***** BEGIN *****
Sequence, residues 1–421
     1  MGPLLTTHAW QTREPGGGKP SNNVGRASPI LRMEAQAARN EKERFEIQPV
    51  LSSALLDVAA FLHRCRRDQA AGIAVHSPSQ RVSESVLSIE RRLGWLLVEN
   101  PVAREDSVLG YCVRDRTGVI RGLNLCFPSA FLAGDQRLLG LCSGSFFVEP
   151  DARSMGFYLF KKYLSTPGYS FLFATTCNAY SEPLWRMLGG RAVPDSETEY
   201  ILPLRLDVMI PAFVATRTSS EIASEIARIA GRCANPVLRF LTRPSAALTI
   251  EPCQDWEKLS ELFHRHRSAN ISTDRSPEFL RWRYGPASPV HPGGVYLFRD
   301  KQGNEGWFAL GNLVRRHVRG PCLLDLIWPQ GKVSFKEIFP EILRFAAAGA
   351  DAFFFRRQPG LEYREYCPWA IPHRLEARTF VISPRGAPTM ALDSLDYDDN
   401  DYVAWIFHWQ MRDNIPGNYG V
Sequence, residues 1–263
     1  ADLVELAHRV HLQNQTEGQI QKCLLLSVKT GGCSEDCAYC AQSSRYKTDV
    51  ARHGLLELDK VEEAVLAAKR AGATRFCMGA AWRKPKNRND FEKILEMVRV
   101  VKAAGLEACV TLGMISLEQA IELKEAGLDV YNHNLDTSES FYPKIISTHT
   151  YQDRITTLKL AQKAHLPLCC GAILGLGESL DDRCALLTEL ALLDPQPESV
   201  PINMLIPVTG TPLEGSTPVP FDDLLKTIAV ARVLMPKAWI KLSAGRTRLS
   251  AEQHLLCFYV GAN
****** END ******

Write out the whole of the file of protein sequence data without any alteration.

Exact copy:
Sequence, residues 1–421
     1  MGPLLTTHAW QTREPGGGKP SNNVGRASPI LRMEAQAARN EKERFEIQPV
    51  LSSALLDVAA FLHRCRRDQA AGIAVHSPSQ RVSESVLSIE RRLGWLLVEN
   101  PVAREDSVLG YCVRDRTGVI RGLNLCFPSA FLAGDQRLLG LCSGSFFVEP
   151  DARSMGFYLF KKYLSTPGYS FLFATTCNAY SEPLWRMLGG RAVPDSETEY
   201  ILPLRLDVMI PAFVATRTSS EIASEIARIA GRCANPVLRF LTRPSAALTI
   251  EPCQDWEKLS ELFHRHRSAN ISTDRSPEFL RWRYGPASPV HPGGVYLFRD
   301  KQGNEGWFAL GNLVRRHVRG PCLLDLIWPQ GKVSFKEIFP EILRFAAAGA
   351  DAFFFRRQPG LEYREYCPWA IPHRLEARTF VISPRGAPTM ALDSLDYDDN
   401  DYVAWIFHWQ MRDNIPGNYG V
Sequence, residues 1–263
     1  ADLVELAHRV HLQNQTEGQI QKCLLLSVKT GGCSEDCAYC AQSSRYKTDV
    51  ARHGLLELDK VEEAVLAAKR AGATRFCMGA AWRKPKNRND FEKILEMVRV
   101  VKAAGLEACV TLGMISLEQA IELKEAGLDV YNHNLDTSES FYPKIISTHT
   151  YQDRITTLKL AQKAHLPLCC GAILGLGESL DDRCALLTEL ALLDPQPESV
   201  PINMLIPVTG TPLEGSTPVP FDDLLKTIAV ARVLMPKAWI KLSAGRTRLS
   251  AEQHLLCFYV GAN